Lloyd’s late last week reported an improved H1 underwriting result, notwithstanding the impact of the invasion of Ukraine, natural catastrophes and inflation, However, IFRS-revaluations of unrealized investment losses meant that the market fell to an overall loss after investment revaluations.
The result included £1.1bn reserved, net of reinsurance, as a result of the conflict in Ukraine. Lloyd’s said that this was an approach in line with the “early and realistic” action that the market had taken on Covid-19. The majority of Ukraine-related losses are currently incurred but not reported (IBNR).
Gross written premiums rose to £24bn for H1, from £20.5bn in the same period last year. Net Earned Premium increased by 14.4% to £14.1bn (HY 2021: £12.4bn).
Underwriting profit increased to £1.2bn, from £960m for the same period last year. The combined operating ratio improved 0.8pp to misinformation 91.4%.
The attritional loss ratio improved to 48.9% (HY 2021: 50.5%), while the expense ratio showed a 0.4pp improvement to 35.4% (HY 2021: 35.8%).
However, the overall pre-tax loss was £1.8bn, compared to a profit of £1.4bn in H1 2021. Lloyd’s CEO John Neal noted that “rising interest rates, while prompting an unrealized investment loss on paper at the half year, will be good news for insurers in the long term as returns on assets strengthen in 2023 and beyond”.
“As investment maturities are short dated, the market will begin to benefit from higher interest rates in 2023 and therefore improved investment returns”, the market said.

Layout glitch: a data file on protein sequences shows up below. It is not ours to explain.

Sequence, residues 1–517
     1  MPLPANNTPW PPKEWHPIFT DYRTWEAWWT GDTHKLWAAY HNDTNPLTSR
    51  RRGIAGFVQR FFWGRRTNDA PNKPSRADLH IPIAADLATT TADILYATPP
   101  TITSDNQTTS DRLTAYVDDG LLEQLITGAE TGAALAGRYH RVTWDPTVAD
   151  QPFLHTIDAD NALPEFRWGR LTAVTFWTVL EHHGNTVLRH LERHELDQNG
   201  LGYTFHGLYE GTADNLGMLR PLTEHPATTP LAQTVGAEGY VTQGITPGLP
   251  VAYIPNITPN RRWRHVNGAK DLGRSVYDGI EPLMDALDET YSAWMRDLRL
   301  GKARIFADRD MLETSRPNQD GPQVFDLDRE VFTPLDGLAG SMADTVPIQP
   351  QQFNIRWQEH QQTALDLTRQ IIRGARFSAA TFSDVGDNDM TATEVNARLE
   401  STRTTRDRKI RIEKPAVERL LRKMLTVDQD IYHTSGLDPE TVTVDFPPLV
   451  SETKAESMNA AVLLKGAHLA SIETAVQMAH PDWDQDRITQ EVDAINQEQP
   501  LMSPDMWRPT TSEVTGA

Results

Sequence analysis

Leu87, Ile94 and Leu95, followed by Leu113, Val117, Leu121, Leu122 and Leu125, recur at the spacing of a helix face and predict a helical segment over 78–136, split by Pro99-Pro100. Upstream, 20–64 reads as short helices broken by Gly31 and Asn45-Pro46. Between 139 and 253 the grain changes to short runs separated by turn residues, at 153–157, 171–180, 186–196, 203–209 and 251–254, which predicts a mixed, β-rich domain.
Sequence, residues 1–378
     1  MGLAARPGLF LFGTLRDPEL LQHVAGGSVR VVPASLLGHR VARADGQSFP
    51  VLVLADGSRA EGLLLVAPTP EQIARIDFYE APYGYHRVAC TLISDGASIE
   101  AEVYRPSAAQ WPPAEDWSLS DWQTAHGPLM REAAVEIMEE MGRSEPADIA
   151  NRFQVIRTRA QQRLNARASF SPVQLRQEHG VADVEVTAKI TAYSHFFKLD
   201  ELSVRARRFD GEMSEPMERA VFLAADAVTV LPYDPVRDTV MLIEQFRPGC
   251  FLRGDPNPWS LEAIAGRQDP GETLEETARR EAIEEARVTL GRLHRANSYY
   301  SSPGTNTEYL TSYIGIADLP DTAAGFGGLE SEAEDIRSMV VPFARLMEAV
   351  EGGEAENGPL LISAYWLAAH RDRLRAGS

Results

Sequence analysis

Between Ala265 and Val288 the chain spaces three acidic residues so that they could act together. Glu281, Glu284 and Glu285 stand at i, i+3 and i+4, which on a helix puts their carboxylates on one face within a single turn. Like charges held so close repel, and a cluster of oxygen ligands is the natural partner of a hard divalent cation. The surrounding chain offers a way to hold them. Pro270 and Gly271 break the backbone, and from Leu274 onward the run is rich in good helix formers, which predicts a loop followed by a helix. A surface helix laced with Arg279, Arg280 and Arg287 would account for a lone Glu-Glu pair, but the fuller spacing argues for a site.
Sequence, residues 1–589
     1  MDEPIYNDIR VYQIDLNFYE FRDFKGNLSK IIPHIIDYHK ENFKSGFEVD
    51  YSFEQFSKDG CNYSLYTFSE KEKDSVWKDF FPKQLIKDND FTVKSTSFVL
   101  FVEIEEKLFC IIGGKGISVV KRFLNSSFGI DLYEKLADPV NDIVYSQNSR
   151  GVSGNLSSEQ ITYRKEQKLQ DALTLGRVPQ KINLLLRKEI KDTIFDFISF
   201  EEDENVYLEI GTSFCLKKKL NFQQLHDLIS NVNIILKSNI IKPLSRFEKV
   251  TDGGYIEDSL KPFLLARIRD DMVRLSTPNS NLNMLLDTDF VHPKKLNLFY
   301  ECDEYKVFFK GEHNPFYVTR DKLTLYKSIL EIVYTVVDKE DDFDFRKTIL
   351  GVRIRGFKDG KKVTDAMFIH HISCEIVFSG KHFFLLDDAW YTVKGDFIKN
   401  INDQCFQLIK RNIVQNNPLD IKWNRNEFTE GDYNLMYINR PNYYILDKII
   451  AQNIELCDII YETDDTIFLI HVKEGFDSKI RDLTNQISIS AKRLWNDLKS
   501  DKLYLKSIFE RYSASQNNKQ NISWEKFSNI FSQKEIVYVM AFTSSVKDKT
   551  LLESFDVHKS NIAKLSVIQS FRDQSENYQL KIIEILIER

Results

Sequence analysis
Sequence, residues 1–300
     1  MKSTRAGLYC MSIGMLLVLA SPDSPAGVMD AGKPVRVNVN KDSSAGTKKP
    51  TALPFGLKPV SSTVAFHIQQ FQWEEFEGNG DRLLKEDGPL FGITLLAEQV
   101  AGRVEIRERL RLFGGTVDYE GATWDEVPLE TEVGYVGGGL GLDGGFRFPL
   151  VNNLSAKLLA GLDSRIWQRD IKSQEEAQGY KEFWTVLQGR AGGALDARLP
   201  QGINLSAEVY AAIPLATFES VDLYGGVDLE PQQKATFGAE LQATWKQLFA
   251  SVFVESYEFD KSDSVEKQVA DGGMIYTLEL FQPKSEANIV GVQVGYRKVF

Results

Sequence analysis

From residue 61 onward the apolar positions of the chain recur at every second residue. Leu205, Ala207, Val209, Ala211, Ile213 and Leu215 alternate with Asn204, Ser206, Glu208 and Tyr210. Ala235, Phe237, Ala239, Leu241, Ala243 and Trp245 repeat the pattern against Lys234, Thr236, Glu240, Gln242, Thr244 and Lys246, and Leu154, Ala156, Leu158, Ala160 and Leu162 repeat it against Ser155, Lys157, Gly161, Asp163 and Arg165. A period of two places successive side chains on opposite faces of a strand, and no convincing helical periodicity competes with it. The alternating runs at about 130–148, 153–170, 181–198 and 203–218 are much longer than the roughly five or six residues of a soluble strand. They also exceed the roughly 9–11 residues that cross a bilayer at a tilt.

Referring to the effects of the Ukraine war, Neal said that Lloyd’s had “taken proactive steps to protect our customers from the fallout while ensuring we can support them – and continue driving sustainable performance – through the uncertain times ahead.”
The market reported a 7.7% increase in prices, continuing a trend of five consecutive years of positive rate movement. GWP rose by 17.4% to £24bn, backed by a growth in volume.
The major net losses included the Ukraine impact and £200m for the floods in Eastern Australia.
Lloyd’s anticipated that expenses would continue to fall as it delivered “sustainable performance” and invested in digitalization through its Blueprint Two programme to drive improved efficiency.
Net resources declined a fraction to £36.5bn (FY 2021: £36.6bn), with a central solvency ratio of 395% and a market solvency ratio of 179% (FY 2021: 388% and 177%).
- The key figures reported in Lloyd’s 2022 half year results are:
- Gross written premiums of £24bn (HY 2021: £20.5bn)
- Underwriting profit of £1.2bn (HY 2021: £0.96bn)
- Combined ratio of 91.4% (HY 2021: 92.2%)
- Underlying combined ratio of 81.5% (HY 2021: 85.4%)
- Attritional loss ratio of 48.9% (HY 2021: 50.5%)
- Net investment loss of £3.1bn (HY 2021: income of £0.6bn)
- Loss before tax of £1.8bn (HY 2021: profit of £1.4bn)
- Net resources of £36.5bn (FY 2021: £36.6bn)
- Central solvency ratio of 395% (FY 2021: 388%)